European leaders frequently vaunt the European Union's distinctiveness in adopting and pursuing a comprehensive approach to security. The EU's profile as an international actor is designed to span across all dimensions of security. As a result, its security policy portfolio involves a large number of institutional actors and policies that need to be coordinated. The ambition of the EU to provide security in a comprehensive manner raises challenges at the politico–strategic level, at the level of operational and policy planning and in day-to-day implementation. So far, the field is lacking an inclusive analytical framework for the analysis of providing security through a distinctively comprehensive civil–military, economic and political organisation. This article seeks to close this gap by providing suggestions for how the wide range of issues related to comprehensive security could be structured, and by framing the matter theoretically and with reference to existing conceptual work and empirical research.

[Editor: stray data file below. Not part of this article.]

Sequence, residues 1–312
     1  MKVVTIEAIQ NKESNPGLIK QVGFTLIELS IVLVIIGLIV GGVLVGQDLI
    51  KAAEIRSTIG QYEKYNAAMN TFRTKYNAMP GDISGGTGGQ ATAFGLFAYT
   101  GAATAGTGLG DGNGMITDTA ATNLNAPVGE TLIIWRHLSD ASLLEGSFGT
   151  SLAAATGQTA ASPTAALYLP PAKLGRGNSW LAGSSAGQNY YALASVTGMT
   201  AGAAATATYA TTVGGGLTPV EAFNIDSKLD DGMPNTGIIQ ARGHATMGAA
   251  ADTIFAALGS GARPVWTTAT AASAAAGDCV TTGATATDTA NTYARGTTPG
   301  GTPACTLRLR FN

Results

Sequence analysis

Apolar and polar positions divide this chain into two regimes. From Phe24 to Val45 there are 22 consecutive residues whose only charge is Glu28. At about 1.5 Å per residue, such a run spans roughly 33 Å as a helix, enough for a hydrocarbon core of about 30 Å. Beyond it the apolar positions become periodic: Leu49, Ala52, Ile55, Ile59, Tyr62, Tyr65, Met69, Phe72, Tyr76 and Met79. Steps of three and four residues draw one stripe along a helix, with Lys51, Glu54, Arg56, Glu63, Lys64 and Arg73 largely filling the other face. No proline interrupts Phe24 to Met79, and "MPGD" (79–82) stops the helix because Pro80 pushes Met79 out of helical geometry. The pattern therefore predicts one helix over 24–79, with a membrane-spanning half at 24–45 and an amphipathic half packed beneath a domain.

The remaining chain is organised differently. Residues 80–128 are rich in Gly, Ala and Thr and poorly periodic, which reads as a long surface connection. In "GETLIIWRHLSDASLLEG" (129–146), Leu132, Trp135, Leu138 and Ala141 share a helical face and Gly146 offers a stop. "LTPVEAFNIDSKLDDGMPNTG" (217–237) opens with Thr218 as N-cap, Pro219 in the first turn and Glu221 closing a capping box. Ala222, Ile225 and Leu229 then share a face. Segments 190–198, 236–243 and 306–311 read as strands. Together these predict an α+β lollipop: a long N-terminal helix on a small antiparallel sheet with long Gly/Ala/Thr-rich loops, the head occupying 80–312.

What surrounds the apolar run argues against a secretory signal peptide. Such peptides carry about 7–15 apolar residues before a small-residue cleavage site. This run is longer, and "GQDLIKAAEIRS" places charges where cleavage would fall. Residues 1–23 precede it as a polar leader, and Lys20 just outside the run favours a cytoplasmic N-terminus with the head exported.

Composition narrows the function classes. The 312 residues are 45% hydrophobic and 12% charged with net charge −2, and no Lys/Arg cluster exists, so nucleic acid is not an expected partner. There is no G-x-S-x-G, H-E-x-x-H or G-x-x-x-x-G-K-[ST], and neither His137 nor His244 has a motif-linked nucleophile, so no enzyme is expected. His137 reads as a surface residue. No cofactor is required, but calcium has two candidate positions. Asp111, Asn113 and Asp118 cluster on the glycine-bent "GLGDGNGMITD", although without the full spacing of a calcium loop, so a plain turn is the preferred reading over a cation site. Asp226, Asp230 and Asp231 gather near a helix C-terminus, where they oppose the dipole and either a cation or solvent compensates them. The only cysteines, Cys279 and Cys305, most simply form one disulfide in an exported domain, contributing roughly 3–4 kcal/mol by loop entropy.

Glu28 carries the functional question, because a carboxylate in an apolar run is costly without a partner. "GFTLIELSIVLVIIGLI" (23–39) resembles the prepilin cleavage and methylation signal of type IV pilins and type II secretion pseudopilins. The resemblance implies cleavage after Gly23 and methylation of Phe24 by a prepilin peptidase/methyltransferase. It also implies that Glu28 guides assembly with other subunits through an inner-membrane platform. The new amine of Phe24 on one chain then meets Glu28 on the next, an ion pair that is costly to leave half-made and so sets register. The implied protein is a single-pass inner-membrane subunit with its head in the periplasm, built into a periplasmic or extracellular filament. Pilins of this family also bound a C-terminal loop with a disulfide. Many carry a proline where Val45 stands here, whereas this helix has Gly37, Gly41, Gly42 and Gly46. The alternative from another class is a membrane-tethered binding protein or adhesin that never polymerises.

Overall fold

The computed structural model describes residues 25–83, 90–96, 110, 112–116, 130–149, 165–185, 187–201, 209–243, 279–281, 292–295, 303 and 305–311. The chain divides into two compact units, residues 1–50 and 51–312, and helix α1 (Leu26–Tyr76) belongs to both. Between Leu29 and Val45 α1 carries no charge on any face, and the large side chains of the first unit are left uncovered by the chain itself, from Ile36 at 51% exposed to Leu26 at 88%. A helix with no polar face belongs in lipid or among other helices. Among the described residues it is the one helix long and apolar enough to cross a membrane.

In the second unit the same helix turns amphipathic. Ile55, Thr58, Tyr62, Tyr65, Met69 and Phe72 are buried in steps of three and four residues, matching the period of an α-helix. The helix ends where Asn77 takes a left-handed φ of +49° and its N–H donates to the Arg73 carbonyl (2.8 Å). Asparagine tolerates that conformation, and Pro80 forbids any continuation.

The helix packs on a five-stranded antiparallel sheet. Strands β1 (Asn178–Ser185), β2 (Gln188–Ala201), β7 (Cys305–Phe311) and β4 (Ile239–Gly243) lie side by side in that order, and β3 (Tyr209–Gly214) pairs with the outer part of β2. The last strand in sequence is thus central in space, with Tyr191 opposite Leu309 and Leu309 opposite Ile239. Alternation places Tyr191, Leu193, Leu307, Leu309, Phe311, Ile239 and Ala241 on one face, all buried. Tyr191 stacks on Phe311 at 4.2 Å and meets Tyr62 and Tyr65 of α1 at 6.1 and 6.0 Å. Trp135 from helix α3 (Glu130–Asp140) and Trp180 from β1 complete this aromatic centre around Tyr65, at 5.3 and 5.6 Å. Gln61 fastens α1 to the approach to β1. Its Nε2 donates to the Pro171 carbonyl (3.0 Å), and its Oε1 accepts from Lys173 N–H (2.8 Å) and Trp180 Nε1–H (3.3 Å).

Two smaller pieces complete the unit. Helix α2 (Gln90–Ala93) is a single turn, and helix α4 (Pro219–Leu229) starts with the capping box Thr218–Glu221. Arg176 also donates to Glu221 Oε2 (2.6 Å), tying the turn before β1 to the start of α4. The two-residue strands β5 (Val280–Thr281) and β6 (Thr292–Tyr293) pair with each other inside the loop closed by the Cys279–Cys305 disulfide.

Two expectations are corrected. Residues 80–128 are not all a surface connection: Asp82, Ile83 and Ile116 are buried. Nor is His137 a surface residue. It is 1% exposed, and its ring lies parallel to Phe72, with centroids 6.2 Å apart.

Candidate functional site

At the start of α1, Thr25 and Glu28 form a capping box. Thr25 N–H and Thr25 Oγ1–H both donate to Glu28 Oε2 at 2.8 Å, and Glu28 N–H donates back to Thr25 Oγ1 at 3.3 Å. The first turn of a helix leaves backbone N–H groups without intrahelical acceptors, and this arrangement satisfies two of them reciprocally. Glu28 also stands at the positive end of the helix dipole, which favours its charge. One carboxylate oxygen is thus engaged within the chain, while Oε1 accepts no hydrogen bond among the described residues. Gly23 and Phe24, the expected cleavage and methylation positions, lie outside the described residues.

- comprehensive security
- the Common Foreign and Security Policy
- security governance